Charging a citizen with possession of a burglary tool can be problematic from a practical and constitutional standpoint. Certain every day items, such as a hammer, screwdriver or crowbar, could feasibly be used to force entry for the purposes of burglary; this does not mean that every person in possession of such a tool is guilty of this offense. A innocent person may simply be in the wrong place at the wrong time in possession of potential burglary tool. The situation could be misconstrued by the police. Therefore, possession of such a tool must be proven in conjunction with criminal intent, after all, it is not a standalone crime to be in possession of a crowbar or blowtorch.

Some have argued that laws criminalizing the possession of burglary tools are too vague. Overbroad laws are constitutionally prohibited. At present, the laws criminalizing possession of burglary tools stand in Mississippi.

Penalties for Burglary in Mississippi

Burglary of Dwelling

Felony, 3 to 25 Years in Penitentiary

Burglary of Church

Felony, Up to 14 Years in Penitentiary

Burglary of Non-Dwelling or Auto

Felony, Up to 7 Years in Penitentiary

Burglary with Explosives

Felony, 5 to 40 Years in Penitentiary

Robbery in Mississippi

The chief distinction between robbery and burglary is the presence of the victim. To be charged with robbery, the perpetrator must commit theft by use of intimidation, force or threats. This cannot occur if the victim is not present at the scene. Per MS Code § 97-3-75 (2013), this is a felony punishable by up to 15 years in prison. Robbery in the absence of a threat, weapon, or force is charged as 'simple robbery,' while robbery committed with a weapon is charged as the more serious 'armed robbery.'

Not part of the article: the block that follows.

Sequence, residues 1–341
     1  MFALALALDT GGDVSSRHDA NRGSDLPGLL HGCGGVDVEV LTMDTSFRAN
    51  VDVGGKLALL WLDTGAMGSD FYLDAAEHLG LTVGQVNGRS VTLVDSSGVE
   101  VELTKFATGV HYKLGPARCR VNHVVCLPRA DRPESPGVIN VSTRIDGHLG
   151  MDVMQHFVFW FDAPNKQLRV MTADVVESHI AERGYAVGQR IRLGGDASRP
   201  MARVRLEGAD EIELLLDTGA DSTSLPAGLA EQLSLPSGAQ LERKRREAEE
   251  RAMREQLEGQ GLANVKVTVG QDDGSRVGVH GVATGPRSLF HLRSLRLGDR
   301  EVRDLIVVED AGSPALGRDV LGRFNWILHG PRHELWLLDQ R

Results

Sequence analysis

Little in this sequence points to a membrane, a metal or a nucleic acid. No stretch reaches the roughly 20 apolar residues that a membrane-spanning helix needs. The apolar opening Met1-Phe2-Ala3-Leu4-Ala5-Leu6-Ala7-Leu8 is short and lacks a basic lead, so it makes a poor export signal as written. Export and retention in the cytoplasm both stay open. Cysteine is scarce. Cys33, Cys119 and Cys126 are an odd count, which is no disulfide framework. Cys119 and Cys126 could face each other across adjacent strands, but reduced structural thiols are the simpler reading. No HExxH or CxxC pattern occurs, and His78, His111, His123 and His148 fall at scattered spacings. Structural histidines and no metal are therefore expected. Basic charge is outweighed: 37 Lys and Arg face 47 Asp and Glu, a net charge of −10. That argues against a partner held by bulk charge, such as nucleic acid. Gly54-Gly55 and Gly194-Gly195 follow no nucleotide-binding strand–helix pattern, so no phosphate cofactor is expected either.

Armed Robbery

Penalties for robbery are severely enhanced if the prosecution can prove the perpetrator was armed. It is irrelevant whether the firearm was actually loaded. (One can even be convicted of armed robbery if a fake or toy gun was used.) Those convicted of armed robbery, depending on the severity of the crime, could face life in prison. This offense occurs most commonly in banks, retail stores, homes, gas stations or any setting where the perpetrator can "hold up" a stranger. The court may still consider a perpetrator "armed" if a firearm was not the weapon of choice.

Examples of other weapons include:

  • A knife
  • BB gun
  • Fake gun
  • Sharp object such as broken glass or any type of blade
  • An ax.

To note, the implication of a weapon is also an example of a weapon for the purpose of armed robbery. If a person so much as implies that he or she is armed, he or she can be charged with armed robbery.

Mississippi Criminal Defense Attorney

When you have been charged with burglary or robbery in Mississippi, it is imperative that you immediately secure a criminal defense attorney. Public defenders cannot devote adequate time and energy to your case, nor do they bring the same experience and passion to the table. You could be facing life in prison, depending on the circumstances of your case. With your freedom at stake, this is no time to leave the situation to chance by using a public defender or hiring an inexperienced attorney.

With over 20 years of legal experience, criminal defense attorney William Housley is prepared to explore every legal avenue to fight your charges. The sooner you hire an attorney, the greater your odds of beating the charges. Contact William Housley immediately to discuss the specifics of your case or call 662-884-5635.

The Right Lawyer to Have on Your Side

William Housley has an in-depth understanding of the complex legal practices in Mississippi. With unmatched skill, he will investigate and represent your case - whether it is in the realm of criminal law, family law or DUI defense.

Contact An Experienced Tupelo Lawyer

Northern Mississippians accused of crimes or going through divorces will benefit from the unmatched skill of attorney William Housley. Practicing in the realms of criminal law, DUI defense, and family law, Mr. Housley is a multifaceted legal representative with wide-reaching expertise.